Are avocados in danger of being wiped out?
It’s no surprise that avocados have become so popular in recent years. With their status as a “superfood” and the way they feel like an indulgence that’s better for you than most, they’ve taken off as one of the most popular berries in the world (because, yes, they are berries). But could their newfound and growing popularity be driving avocados to scarcity?
Three of the world’s largest hubs for avocado supply are California, Chile and Mexico. California typically produces a quarter of a million kilograms of avocados per annum. As you may know, 98 per cent of California has been classed as in drought. Considering it takes 318 litres of water to produce around half a kilogram of avocados, it makes them a costly indulgence.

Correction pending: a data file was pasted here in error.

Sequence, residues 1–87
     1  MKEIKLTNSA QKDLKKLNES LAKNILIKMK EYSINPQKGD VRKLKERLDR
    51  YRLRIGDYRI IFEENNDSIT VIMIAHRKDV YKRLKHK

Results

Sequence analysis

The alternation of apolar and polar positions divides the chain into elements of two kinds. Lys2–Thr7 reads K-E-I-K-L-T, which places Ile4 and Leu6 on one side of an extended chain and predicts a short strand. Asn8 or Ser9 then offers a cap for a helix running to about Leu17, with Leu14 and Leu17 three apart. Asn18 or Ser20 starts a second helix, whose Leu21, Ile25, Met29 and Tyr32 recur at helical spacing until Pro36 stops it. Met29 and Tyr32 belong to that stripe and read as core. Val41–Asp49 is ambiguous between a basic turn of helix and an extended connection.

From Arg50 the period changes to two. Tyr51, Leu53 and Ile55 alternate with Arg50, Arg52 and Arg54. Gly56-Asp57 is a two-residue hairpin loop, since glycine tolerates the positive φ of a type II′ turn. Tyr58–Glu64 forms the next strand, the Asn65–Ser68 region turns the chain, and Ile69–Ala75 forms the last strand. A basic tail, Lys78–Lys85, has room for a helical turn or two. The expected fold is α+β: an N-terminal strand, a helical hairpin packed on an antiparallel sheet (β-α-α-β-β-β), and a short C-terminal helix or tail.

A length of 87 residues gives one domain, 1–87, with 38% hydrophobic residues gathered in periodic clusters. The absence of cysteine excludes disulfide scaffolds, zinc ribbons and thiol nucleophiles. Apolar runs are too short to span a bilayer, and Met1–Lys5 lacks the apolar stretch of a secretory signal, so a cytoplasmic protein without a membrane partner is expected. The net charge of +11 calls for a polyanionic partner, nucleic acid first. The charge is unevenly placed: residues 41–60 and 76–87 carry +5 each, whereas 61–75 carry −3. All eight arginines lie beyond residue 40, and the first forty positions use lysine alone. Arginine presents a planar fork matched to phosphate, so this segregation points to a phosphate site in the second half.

In Chile, there has been an eight-fold increase in avocado farming over the last 25 years. According to Mother Jones magazine, this increase in farming is draining the groundwater and village wells. In Mexico, the majority of avocado groves lie within the state of Michoacan, an area largely controlled by the Caballeros Templarios cartel. The local avocado industry is so rife with murder and extortion that some experts refer to the produce as “blood avocados”.
So with demand on the rise, and supply looking sketchy, could avocados start to become more and more scarce? Only time will tell.
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